Weight lifting or resistance training conventionally has been practised by professionals like sports persons, wrestlers, or actors and models. However, with the current internet world, there has been an increase in awareness about weight lifting among the general consensus as well. It is noticed that many people including teens, youth, aged and postmenopausal females have started resistance training exercises, be it for passion, fitness or casually.
But how beneficial it is for each age bracket? Let us understand the actual benefits of weight lifting. Research indicates that inactive adults experience 3% to 8% loss of muscle mass per decade, accompanied by resting metabolic rate reduction and fat accumulation. Ten weeks of resistance training may increase lean weight by 1.4 kg, increase the resting metabolic rate by 7%, and reduce fat weight by 1.8 kg.
Resistance training may help to prevent or manage type 2 diabetes by decreasing visceral fat, reducing Glycated hemoglobin, increasing the density of glucose transporter type 4, and improving insulin sensitivity. Resistance training enhances cardiovascular health, by reducing resting blood pressure, decreasing low-density lipoprotein cholesterol and triglycerides, and increasing high-density lipoprotein cholesterol. Studies have shown that resistance training has promoted upto 3% increase in bone mineral density.
For ladies, it helps to avoid osteoporosis (a condition in which bones become weak and brittle) and burn calories and belly fat. It also helps to improve mood and sleeping pattern as well.
For elderly people, apart from the above mentioned benefits, it improves coordination of muscles and cognitive reflexes. Current research has shown that strength-training exercises have the ability to combat weakness and frailty and their debilitating consequences. If done regularly (ideally for 2 to 3 days per week), these exercises build muscle strength and muscle, improve physical performance, movement, control, walking speed, functional independence while preserving the bone density.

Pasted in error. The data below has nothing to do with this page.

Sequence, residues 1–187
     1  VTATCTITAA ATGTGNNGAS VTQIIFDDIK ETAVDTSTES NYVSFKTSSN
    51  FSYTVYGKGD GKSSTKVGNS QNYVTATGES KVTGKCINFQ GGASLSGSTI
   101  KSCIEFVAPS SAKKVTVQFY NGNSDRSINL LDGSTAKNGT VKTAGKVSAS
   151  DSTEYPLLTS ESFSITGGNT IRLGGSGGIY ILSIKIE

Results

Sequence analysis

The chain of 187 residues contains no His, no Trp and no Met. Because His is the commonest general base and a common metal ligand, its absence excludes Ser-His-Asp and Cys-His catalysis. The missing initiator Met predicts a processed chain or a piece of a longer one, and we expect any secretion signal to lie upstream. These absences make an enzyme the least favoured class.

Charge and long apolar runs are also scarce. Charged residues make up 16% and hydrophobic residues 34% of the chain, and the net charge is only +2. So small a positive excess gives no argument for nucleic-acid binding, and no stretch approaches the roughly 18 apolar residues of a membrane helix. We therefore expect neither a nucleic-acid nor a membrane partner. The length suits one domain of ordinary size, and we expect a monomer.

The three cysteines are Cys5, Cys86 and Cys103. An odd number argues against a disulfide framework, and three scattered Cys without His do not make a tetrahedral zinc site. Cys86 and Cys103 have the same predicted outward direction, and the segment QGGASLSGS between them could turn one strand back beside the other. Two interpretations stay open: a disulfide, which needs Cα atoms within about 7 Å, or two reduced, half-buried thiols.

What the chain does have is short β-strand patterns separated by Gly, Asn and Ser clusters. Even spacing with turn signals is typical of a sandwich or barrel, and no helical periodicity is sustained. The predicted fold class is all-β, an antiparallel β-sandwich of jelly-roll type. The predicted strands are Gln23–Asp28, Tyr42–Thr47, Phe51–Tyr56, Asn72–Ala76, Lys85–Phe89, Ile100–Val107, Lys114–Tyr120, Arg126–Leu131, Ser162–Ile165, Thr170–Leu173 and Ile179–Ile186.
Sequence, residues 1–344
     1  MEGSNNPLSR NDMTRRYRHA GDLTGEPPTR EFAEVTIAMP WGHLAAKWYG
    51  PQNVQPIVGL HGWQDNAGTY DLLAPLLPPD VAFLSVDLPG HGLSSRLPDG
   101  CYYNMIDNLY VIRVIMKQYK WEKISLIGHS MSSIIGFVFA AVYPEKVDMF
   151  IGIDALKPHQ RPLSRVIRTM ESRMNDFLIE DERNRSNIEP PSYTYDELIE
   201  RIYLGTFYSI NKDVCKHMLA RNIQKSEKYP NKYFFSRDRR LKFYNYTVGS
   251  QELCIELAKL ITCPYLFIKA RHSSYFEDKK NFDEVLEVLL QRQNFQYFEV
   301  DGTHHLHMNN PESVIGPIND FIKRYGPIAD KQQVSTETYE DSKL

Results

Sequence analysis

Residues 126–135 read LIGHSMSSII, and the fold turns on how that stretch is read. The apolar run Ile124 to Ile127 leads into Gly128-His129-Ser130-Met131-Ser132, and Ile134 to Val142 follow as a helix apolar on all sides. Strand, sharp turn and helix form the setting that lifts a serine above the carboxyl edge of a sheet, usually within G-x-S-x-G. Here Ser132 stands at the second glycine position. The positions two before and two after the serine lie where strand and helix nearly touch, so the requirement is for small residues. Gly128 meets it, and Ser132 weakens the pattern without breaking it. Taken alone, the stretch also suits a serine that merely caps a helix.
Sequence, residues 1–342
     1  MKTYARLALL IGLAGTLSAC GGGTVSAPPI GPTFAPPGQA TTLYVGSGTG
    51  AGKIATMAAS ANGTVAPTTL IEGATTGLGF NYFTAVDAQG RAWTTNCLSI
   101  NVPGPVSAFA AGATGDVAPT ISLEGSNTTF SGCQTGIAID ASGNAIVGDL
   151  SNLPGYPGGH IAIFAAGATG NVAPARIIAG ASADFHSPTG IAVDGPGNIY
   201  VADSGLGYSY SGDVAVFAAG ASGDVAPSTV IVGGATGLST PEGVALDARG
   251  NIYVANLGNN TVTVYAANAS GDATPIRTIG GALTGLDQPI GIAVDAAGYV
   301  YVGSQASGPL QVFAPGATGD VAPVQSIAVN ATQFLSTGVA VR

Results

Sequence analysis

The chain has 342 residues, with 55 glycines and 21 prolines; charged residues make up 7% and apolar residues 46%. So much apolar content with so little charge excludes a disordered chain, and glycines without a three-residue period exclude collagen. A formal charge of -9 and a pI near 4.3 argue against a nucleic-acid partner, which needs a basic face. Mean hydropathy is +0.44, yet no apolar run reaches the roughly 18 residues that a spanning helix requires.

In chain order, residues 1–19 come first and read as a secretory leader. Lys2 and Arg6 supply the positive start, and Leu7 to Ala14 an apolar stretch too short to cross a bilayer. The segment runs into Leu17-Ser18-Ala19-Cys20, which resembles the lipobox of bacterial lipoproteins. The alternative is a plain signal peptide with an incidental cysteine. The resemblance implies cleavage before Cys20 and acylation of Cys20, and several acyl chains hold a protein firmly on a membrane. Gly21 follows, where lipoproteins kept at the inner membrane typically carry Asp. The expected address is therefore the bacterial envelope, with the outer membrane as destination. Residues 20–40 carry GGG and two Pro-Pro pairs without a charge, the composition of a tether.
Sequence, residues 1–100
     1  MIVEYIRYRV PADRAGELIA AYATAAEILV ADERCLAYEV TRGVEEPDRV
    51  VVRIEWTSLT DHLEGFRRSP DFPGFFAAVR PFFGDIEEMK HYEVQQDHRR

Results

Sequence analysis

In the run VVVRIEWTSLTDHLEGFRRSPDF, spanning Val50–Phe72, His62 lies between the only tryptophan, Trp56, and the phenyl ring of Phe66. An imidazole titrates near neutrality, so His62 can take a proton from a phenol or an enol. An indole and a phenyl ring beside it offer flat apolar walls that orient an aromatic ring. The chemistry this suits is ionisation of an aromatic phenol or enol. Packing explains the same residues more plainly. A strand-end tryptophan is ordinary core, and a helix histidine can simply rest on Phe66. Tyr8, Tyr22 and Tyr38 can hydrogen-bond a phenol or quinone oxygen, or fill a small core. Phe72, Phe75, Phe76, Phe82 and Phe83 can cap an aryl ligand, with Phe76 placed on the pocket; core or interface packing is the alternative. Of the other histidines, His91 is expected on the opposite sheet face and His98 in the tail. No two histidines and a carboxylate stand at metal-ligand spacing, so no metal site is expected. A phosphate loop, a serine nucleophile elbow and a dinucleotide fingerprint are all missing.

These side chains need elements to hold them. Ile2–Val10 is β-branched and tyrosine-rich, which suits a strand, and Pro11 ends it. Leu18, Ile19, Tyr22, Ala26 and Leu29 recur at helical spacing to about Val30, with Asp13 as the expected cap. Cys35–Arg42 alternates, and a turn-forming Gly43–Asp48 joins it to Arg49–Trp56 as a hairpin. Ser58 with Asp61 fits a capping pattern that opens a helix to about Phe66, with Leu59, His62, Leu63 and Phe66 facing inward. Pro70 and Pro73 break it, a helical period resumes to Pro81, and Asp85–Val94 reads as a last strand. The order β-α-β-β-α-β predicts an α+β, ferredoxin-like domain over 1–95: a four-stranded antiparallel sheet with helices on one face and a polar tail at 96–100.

For people who work more in office or on computers, it improves posture. A desk job can make you feel exhausted, and at the same time, ruins your posture. By lifting weights, you can strengthen your core and back muscles, and open up your chest. Research shows lifting weights also helps to reduce anxiety, chronic pain, depression, fatigue symptoms and widespread muscle pain.
To start weight lifting, if not under professional training, it is prudent to start gradually and slowly. One needs to begin with warm ups and with lighter weights and increase them gradually. Always take rest between two sets. Limit your workout to no longer than 40-45 minutes. Gently stretch your muscles after your workout. Rest a day or two in between workouts.
In conclusion, a simple work out of weight lifting for few minutes daily is beneficial for people of all ages. It improves all aspects of physical, mental and emotional well-being of every person which is essentially the definition of good health by the World Health Organisation.
Dr. Ayyappan V Nair, Consultant – Shoulder Surgery, Sports Medicine and Arthroscopy, Manipal Hospitals, Jayanagar